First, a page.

As anyone who has recently spent time in any of the city’s 8,000 hectares of green space can attest, Calgarians are eager to get outside.
Driven by the long-awaited arrival of summer and the need for closer-to-home recreation options due to the COVID-19 pandemic, the popularity of Calgary’s parks is on the rise.
One of the many parks that seen an increase in activity is Confederation Park. Situated along 14th Street and 30th Avenue N.W., the park was created in 1967 to mark the centennial of Canadian Confederation.
In recent years, the park has seen the addition of a natural play space, new seating and barbecue pits, and an observation deck near the lagoon.
These upgrades, which were made to commemorate Canada’s 150th birthday in 2017, have been well received, according to one of the City of Calgary employees behind the project.
“Numbers are up,” said Daniel England, project manager for Calgary Parks. “The reception has been very positive and (has) boosted visitors to this park.”
While England points out the City isn’t yet measuring visitor numbers at parks across Calgary, anecdotal evidence points to an increase in the number of Calgarians heading to parks since the arrival of the COVID-19 pandemic.
“We have had a huge spike in attendance … just based on the number of folks there needing to empty garbage cans and traffic in the parking lots,” he said.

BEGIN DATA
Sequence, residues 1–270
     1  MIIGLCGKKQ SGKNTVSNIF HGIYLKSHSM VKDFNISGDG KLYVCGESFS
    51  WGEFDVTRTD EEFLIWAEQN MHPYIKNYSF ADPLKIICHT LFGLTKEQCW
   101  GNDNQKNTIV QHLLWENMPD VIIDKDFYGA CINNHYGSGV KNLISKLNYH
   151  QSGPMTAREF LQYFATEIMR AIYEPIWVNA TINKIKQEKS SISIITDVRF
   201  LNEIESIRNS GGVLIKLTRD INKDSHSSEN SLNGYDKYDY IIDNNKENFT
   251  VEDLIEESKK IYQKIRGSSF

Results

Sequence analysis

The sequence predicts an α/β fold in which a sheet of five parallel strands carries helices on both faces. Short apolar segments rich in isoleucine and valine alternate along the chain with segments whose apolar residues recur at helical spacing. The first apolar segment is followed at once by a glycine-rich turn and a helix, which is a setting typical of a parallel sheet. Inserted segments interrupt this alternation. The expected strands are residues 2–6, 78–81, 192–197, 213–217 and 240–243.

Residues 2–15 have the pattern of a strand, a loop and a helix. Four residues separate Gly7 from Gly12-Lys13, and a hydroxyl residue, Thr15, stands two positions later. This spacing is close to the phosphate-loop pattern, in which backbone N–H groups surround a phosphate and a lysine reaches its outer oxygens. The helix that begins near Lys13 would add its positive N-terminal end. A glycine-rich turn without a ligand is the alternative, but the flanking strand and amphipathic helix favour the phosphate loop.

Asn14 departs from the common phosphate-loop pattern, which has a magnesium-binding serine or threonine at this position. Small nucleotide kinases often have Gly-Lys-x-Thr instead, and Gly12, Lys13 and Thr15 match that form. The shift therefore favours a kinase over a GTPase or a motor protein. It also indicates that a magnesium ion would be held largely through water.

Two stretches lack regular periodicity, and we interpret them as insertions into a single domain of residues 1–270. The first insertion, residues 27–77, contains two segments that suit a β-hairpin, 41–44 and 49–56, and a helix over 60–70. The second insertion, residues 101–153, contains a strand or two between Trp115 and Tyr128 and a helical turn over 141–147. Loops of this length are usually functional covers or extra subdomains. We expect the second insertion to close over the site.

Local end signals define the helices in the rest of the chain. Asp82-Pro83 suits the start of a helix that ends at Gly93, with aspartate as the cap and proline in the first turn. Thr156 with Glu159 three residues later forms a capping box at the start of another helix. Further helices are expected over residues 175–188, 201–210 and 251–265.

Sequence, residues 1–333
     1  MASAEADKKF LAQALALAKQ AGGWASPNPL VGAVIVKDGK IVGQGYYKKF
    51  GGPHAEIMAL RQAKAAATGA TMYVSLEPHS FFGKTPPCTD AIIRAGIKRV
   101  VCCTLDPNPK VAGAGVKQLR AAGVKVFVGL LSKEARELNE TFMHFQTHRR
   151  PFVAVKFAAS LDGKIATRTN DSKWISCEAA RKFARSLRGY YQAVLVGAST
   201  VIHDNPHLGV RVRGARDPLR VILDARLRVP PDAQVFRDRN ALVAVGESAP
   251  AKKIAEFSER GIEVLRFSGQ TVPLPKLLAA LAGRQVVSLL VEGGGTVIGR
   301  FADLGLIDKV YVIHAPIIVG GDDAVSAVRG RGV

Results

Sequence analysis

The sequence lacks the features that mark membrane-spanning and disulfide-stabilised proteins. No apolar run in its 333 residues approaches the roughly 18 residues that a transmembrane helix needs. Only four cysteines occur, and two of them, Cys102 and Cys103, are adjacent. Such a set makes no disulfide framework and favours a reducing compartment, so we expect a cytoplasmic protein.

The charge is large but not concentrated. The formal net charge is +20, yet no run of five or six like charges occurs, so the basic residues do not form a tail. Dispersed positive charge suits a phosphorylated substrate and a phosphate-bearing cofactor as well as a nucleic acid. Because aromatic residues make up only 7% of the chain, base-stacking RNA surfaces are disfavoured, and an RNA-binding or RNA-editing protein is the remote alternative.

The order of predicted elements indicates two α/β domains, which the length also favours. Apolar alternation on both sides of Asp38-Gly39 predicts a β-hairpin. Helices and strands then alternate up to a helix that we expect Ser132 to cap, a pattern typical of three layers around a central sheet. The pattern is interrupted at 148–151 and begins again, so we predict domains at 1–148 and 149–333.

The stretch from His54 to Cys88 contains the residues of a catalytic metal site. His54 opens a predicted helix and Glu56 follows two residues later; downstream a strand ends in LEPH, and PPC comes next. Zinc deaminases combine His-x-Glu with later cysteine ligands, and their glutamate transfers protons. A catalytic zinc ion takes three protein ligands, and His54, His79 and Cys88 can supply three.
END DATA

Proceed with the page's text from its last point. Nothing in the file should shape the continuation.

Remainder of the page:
“The feedback we received prior to starting our work was that people wanted places and spaces for all ages to recreate. This is now of course important with COVID-19, as we are changing how we relax and recreate – closer to home.”
“I think the focus will really be on these existing networks that we have, nurturing the inner-city parks that we have and developing ones outside as well.” – Daniel England, Calgary Parks
Despite the new additions to the park, the main attraction remains its stunning natural setting. With a wetland running the length of the park’s 160 hectares, trees, shrubs and other vegetation provide habitats for a variety of birds and other wildlife. They also create the perfect backdrop for the many event photos that take place in the park.
Although the area around the park still lacks a protected bike lane, Calgary’s extensive bike network connects the park to the downtown core. In the winter, nearby Confederation Park Golf Course hosts the Lions Festival of Lights and provides plenty of terrain and groomed trails for cross-country skiers.
The ability to further develop spaces like Confederation Park, while maintaining what made them so appealing to start with, is something England says will be key to the City’s ongoing parks strategy.
“I think the focus will really be on these existing networks that we have, nurturing the inner-city parks that we have and developing ones outside as well,” he said.